However, Section 51 of The Copyright Act 1957(Amendment 2012), states that if any person, without obtaining the license from the original owner of the copyright, performs an act that violates the copyright of the original owner, it shall be termed as infringement. The main issue with the ‘remix’ is the extent of original work in the remix version. The Copyright Law has no specific law for remix, so it often becomes challenging for the courts to determine the nature of infringement in such works. So, the major legal challenge is to protect the rights of the author of the remixed work, along with the protection of the original work without violating the copyright law both morally and financially.


Taking the consent of the original owner of the musical work is of great importance as laid out in the case of Gramophone Co vs Super Cassettes. The court laid out that the plaintiff’s consent was important for making a recording in compliance with Section 52(1) (j) in order to not fall under the category of infringement. In the present case, an audio cassette was made with the title Ganapati aarti ashthavinayak geete. The defendants wanted to make a sound recording that consisted of the original sound recording and thereby offered to pay a license fee for the same. The plaintiffs did not agree and returned the cheque which clearly shows that they did not give permission for the usage of the musical work. Even after this, the defendants brought out their sound recording. Thus, without the consent of the owner of the original work, it shall be an infringement.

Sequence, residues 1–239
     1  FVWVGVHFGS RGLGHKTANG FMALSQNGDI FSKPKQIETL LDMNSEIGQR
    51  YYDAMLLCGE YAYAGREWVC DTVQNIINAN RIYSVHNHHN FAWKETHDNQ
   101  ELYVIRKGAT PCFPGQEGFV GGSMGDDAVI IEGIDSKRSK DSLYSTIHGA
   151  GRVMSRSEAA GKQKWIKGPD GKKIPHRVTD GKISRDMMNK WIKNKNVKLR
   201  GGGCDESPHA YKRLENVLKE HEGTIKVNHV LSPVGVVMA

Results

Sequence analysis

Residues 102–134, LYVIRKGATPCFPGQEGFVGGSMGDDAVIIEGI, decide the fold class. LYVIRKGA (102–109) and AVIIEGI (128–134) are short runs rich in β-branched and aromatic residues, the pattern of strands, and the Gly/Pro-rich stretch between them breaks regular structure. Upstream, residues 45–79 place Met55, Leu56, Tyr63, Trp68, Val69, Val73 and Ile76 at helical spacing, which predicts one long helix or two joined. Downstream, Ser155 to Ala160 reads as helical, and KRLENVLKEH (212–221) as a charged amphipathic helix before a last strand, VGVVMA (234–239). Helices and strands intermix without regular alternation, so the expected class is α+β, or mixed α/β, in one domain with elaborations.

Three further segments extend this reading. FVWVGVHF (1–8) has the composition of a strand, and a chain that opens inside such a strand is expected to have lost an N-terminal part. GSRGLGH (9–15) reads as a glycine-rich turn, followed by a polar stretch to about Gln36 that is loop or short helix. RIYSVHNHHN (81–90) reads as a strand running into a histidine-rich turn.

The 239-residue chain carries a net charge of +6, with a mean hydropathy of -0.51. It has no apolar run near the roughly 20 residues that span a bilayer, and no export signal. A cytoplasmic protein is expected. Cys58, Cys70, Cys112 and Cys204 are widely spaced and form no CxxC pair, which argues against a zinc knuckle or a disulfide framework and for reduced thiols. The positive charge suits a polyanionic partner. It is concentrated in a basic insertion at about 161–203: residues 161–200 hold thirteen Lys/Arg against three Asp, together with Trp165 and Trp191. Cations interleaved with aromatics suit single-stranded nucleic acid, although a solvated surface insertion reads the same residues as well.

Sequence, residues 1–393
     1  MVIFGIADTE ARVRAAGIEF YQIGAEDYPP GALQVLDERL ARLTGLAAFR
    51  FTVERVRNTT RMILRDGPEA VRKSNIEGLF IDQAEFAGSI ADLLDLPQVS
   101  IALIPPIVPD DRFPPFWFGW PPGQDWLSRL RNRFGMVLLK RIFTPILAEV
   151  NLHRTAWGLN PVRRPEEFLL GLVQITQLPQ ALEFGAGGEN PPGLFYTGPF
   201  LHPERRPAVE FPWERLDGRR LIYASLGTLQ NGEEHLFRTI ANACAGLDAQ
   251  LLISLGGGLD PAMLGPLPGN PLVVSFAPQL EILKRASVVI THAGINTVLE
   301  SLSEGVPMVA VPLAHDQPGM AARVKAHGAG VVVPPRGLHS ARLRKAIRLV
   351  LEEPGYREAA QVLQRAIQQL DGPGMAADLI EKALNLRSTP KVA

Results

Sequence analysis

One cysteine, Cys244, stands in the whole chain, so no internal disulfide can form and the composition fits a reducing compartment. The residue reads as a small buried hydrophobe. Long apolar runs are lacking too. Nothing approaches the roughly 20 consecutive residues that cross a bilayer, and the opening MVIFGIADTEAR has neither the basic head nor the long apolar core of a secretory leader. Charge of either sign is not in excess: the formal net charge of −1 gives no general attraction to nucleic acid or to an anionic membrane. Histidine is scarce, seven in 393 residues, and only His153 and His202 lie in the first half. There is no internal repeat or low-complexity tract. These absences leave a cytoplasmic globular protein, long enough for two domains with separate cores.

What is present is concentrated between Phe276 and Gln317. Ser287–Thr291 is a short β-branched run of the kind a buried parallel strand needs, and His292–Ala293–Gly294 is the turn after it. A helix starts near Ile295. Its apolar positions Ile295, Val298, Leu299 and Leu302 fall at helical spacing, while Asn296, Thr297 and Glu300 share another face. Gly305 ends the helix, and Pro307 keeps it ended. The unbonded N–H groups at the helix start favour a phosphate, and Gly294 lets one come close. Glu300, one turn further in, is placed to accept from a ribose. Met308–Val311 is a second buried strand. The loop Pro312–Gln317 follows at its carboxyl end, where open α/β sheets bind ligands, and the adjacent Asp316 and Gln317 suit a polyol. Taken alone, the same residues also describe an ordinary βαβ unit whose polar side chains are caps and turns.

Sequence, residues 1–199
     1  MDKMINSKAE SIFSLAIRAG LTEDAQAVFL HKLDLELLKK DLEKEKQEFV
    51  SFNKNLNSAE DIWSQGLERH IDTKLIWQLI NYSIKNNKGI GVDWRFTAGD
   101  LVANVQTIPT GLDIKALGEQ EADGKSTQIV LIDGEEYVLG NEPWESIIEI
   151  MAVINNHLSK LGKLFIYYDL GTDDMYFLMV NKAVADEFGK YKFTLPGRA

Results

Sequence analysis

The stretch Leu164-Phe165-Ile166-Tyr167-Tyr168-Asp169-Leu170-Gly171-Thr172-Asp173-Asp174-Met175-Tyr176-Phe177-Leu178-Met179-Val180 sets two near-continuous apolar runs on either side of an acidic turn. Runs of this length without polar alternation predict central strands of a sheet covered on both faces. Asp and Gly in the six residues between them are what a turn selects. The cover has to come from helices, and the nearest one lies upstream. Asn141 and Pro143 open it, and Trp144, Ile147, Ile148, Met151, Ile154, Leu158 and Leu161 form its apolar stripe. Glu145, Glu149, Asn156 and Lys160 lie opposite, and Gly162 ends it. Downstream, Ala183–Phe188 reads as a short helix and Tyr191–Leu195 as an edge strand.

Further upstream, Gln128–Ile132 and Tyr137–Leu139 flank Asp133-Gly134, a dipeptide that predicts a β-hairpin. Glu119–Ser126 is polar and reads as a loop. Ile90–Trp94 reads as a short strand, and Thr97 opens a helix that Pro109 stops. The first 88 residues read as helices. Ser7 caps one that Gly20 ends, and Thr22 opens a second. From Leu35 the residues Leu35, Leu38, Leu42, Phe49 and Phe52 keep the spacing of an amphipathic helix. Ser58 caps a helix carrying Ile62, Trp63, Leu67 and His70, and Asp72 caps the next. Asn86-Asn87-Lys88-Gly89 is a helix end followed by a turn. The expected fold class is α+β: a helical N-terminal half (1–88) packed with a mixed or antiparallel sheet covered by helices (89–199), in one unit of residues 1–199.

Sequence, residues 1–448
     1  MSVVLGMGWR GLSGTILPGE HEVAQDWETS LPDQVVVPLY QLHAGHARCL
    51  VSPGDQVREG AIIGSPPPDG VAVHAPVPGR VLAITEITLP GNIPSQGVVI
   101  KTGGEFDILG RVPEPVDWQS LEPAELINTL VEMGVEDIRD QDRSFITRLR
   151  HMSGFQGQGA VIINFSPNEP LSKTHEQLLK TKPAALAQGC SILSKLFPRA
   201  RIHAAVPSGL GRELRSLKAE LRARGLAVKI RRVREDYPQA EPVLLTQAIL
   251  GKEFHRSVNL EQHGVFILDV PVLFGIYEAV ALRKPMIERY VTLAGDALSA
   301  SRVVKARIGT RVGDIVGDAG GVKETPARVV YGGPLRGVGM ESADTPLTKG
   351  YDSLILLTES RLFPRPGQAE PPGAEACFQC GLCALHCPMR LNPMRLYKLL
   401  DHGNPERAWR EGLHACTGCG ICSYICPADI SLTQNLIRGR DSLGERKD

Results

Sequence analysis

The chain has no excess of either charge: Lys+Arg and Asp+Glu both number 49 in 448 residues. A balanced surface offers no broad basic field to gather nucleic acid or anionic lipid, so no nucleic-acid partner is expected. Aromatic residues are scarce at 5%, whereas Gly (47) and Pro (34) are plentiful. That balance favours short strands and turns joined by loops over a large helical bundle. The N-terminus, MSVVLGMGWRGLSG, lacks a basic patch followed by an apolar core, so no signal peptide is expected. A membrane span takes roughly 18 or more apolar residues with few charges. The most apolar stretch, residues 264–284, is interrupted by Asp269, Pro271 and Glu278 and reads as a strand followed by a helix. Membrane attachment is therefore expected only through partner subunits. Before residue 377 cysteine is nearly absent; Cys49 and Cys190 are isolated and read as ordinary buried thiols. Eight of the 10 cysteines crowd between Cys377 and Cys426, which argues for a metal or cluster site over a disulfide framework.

Nevertheless, it will not amount to infringement if, while making a remix, a prior notice is given to the owner of the original work along with the royalties that are to be paid in advance. Without prior notice to the owner, it will be counted as infringement of rights. When the new works are brought to the market, it has to be made sure, that the identities of the artists of the that work should be disclosed, so that people are not misinformed by it. The new work should not be made until two years of the expiration of the novel work.


It is clear that remix version of the original work should be protected, same as the novel work as it requires an abundance amount of time and knowledge to make a remix. The only issue with ‘remix’ is that, the extent of original contribution in the new version of the work has led the authors to be at a disadvantage. As there is no fixed royalty specified in the Copyright Act, this leads the authors of the novel work to be in a difficult situation.


Conclusion


The recent times has seen the evolution in the field of arts. Adaptations of the novel works by creating it into something new has become a common practice. But the issue lies here, as it gets difficult to differentiate in original and adaptation. This in return has brought various issues in circling copyright infringement. The copyright protection generally, for every and each original work of the author, is lifetime plus 60 years after his or her death, as written in Section 22 of the Act. Section 51 of Copyright Act governs the copyright protection however there exists a demand for amending the copyright law to make it more applicable in the age of remixes and serve the requirements of both- owner or composer of the initial song and the maker of the remix version of that song. Along with this, there should also be a provision for the payment of royalties to the original author's, so that they are also financially supported.


Written By Ms. Somi Jha